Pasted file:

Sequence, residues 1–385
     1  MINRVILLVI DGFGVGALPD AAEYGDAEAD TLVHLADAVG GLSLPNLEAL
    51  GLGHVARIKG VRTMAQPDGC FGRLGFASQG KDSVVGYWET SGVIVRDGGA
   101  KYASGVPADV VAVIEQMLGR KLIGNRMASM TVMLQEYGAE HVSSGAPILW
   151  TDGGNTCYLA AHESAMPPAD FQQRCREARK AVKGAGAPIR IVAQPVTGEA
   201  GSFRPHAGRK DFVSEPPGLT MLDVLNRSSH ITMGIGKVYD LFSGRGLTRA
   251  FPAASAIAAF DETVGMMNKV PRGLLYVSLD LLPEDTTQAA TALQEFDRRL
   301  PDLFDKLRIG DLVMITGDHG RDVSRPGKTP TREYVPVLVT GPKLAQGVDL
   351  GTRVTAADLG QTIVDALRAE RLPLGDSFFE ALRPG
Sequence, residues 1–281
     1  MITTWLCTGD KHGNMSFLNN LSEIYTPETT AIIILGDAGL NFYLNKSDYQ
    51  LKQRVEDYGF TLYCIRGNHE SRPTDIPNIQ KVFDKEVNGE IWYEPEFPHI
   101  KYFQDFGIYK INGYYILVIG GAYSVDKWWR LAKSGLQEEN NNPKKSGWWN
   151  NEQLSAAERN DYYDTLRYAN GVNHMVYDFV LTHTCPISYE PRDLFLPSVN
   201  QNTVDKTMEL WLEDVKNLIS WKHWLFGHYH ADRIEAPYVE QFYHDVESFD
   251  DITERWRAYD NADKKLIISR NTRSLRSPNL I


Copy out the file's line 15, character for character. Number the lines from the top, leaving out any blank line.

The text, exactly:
   201  QNTVDKTMEL WLEDVKNLIS WKHWLFGHYH ADRIEAPYVE QFYHDVESFD